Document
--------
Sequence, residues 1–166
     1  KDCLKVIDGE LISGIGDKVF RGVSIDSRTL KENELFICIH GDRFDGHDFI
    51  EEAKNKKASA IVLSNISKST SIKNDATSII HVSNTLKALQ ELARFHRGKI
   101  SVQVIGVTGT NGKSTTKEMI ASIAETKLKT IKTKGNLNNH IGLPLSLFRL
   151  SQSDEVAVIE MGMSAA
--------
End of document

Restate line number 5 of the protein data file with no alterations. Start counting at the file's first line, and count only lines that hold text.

   151  SQSDEVAVIE MGMSAA